In memoriam: Eugene Garfield – 1925-2017

By Ernesto Spinak

Photo: Wikipedia

Photo: Wikipedia.

Eugene Garfield was born in New York in 1925 to a family of immigrants, and earned a Ph.D. in Structural Linguistics at the University of Pennsylvania in 1961. From the experience during his student years on indexing of the National Library of Medicine database, he developed a theory about using the article’s bibliographic citations as a better information retrieval procedure than thesauri, subject headings or free vocabulary, which were research hot topics in the 1950s due to the emergence of large computers.

Garfield undertook the development of a complete citation index to show the propagation of the scientific thought, based on the ideas of the Memex presented in Vannevar Bush’s famous 1945 article “As we may think.” Along with other greats of his generation – Robert Merton with the Sociology of Science, and the quantitative theories of scientific citations by Derek J de Solla Price – they were the parents of what we know today as scientometrics. All the others, we came after following their footsteps.

Garfield was the founder of the Institute for Scientific Information (ISI) in 1960, located in Philadelphia, Pennsylvania, which was transferred to Thomson Corporation in 1992, later in 2008, to Thomson Reuters, and from 2016, to Clarivate Analytics. He was the creator of Current Contents, including the Science Citation Index (SCI), the Social Sciences Citation Index (SSCI) and the Arts and Humanities Citation Index (A&HCI), now collected in the Web of Science and the Journal Citation Reports (JCR), the Impact Factor, and along with Henry Small, of Research Fronts detected by co-citations. His bibliographic production exceeds 1,000 documents that can be seen in his personal homepage: http://www.garfield.library.upenn.edu/

Garfield’s citation indexing theory says that if we have an interesting or relevant article that cites certain authors, and other articles that cite those same authors, surely these articles will also be of the same interest or relevance. Garfield based this indexing method on the so-called citing culture; i.e., the more cited a paper is, the greater is its importance or its impact in its scientific field. This Garfield theory corresponds, in the era of Internet, to the development of information retrieval algorithms such as Pagerank, used by Google, that uses structured citation between websites through hyperlinks.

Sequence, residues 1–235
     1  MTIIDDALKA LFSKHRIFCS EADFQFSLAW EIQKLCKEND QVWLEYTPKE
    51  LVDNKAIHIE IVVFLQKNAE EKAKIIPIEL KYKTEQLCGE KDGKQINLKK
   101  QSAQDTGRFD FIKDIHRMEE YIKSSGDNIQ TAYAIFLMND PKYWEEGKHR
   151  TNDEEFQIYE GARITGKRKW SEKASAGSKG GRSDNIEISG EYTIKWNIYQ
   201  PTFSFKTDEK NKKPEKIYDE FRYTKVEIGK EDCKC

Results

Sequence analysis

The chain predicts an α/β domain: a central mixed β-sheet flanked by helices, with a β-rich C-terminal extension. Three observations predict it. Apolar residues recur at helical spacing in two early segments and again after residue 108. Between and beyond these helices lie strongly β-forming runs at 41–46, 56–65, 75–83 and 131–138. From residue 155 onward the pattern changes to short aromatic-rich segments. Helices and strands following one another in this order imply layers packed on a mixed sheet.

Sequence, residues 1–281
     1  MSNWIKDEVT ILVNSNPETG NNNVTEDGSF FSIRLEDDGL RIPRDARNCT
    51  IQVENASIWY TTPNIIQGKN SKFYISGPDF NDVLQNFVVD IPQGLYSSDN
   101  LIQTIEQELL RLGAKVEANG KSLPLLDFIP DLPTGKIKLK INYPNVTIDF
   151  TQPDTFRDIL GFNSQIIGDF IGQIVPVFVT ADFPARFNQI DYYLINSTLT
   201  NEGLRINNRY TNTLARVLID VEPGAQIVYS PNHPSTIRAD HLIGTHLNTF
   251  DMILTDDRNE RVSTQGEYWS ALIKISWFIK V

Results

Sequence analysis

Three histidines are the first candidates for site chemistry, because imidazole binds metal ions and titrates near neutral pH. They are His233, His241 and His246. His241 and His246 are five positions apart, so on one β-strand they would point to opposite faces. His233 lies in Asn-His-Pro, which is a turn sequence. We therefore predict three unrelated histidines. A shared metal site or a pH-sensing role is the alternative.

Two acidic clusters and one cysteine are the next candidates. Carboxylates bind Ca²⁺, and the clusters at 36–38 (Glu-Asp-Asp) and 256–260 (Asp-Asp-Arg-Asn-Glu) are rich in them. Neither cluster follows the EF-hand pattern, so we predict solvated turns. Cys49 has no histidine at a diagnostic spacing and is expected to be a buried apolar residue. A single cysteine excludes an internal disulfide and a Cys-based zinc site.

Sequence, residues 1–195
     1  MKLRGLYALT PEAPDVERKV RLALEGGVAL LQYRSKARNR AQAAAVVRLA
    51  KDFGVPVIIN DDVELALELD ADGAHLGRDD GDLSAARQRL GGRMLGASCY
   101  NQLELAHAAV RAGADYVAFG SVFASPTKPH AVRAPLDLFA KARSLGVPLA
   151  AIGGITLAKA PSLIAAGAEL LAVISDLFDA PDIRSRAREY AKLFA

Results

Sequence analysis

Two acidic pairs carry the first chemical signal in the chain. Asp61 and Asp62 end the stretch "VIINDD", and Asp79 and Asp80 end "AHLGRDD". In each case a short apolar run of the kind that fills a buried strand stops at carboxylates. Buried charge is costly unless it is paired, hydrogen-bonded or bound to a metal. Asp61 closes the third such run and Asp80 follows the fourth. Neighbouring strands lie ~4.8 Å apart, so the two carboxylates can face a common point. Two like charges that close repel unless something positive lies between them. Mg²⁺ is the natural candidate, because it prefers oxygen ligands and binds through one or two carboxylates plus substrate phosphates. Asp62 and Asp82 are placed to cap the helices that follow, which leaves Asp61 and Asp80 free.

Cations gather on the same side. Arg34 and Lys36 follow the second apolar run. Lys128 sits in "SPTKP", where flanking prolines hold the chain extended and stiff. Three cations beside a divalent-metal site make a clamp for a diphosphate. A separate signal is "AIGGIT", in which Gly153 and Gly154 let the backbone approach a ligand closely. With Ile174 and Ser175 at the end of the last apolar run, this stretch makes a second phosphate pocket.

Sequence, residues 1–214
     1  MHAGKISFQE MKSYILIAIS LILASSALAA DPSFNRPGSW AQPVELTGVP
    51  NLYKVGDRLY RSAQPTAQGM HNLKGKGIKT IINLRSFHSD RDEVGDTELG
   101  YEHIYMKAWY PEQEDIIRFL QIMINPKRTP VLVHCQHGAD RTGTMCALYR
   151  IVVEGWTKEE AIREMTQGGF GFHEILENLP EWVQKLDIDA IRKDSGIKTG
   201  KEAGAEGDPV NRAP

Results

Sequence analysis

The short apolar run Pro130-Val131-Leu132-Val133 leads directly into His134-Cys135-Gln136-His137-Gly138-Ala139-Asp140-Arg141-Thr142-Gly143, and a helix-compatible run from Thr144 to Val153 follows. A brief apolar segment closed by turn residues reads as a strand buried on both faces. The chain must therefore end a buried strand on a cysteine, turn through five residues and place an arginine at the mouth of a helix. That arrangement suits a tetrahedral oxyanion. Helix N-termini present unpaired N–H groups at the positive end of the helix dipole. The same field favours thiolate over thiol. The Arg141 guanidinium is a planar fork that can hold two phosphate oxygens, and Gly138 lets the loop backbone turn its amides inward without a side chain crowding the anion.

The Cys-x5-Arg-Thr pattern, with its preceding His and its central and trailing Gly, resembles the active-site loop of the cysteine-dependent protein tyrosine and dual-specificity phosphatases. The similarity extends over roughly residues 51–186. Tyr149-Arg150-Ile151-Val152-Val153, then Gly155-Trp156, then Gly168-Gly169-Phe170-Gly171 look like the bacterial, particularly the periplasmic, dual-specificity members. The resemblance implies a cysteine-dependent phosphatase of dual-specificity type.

Although the ISI has been criticized for establishing idiomatic biases in favor of English, the truth is that it has revolutionized the world of scientific research and science evaluation, marking a before and an after. Indexing by citations, the research fronts and the journal impact factor have been theories and tools on which modern Bibliometrics has been supported.

One of the last giants of documentation has gone.

Notes

1. BUSH, V. As we may think. Life Magazine. 1945 [viewed 01 March 2017]. Available from: http://worrydream.com/refs/Bush%20-%20As%20We%20May%20Think%20(Life%20Magazine%209-10-1945).pdf

2. MERTON, R.K. The Sociology of Science: Theoretical and Empirical Investigations. Chicago; London: The University of Chicago Press, 1973.

3. DE SOLLA PRICE, D.J. A general theory of bibliometric and other cumulative advantage processes. Journal of the American Society for Information Science [online]. 1976, vol. 27, no. 5, pp. 292–306 [viewed 01 March 2017]. DOI: 10.1002/asi.4630270505. Available from: http://onlinelibrary.wiley.com/doi/10.1002/asi.4630270505/abstract;jsessionid=F30EC208597CF90 DC0BFEEBE533D187B.f04t01

References

BENSMAN, S.J. Eugene Garfield, Francis Narin, and PageRank: The Theoretical Bases of the Google Search Engine [online]. arXiv. 2013. [viewed on 01 March 2017]. Available from: http://arxiv.org/abs/1312.3872

BUSH, V. As we may think. Life Magazine. 1945. Available from: http://worrydream.com/refs/Bush%20-%20As%20We%20May%20Think%20(Life%20Magazine%209-10-1945).pdf

DE SOLLA PRICE, D.J. A general theory of bibliometric and other cumulative advantage processes. Journal of the American Society for Information Science [online]. 1976, vol. 27, no. 5, pp. 292–306 [viewed 01 March 2017]. DOI: 10.1002/asi.4630270505. Available from: http://onlinelibrary.wiley.com/doi/10.1002/asi.4630270505/abstract;jsessionid=F30EC208597CF90 DC0BFEEBE533D187B.f04t01

Eugene Garfield [online]. Personal Page. 2017 [viewed 01 March 2017]. Available from: http://www.garfield.library.upenn.edu/

Eugene Garfield [online]. Wikipedia. 2017 [viewed 01 March 2017]. Available from: http://en.wikipedia.org/wiki/Eugene_Garfield

GARFIELD, E. Los índices de citaciones: del Science Citation Index a la Web of Science. BiD: textos universitaris de biblioteconomia i documentació. 2016. no. 37 [viewed 01 March 2017]. Available from: http://bid.ub.edu/es/37/garfield.htm

MERTON, R. K. The Sociology of Science: Theoretical and Empirical Investigations. Chicago; London: The University of Chicago Press, 1973.

 

Ernesto SpinakAbout Ernesto Spinak

Collaborator on the SciELO program, a Systems Engineer with a Bachelor’s degree in Library Science, and a Diploma of Advanced Studies from the Universitat Oberta de Catalunya (Barcelona, Spain) and a Master’s in “Sociedad de la Información” (Information Society) from the same university. Currently has a consulting company that provides services in information projects to 14 government institutions and universities in Uruguay.

 

Translated from the original in Spanish by Lilian Nassi-Calò.

 

How to cite this post [ISO 690/2010]:

SPINAK, E. In memoriam: Eugene Garfield – 1925-2017 [online]. SciELO in Perspective, 2017 [viewed ]. Available from: http://blog.scielo.org/en/2017/03/03/in-memoriam-eugene-garfield-1925-2017/

 

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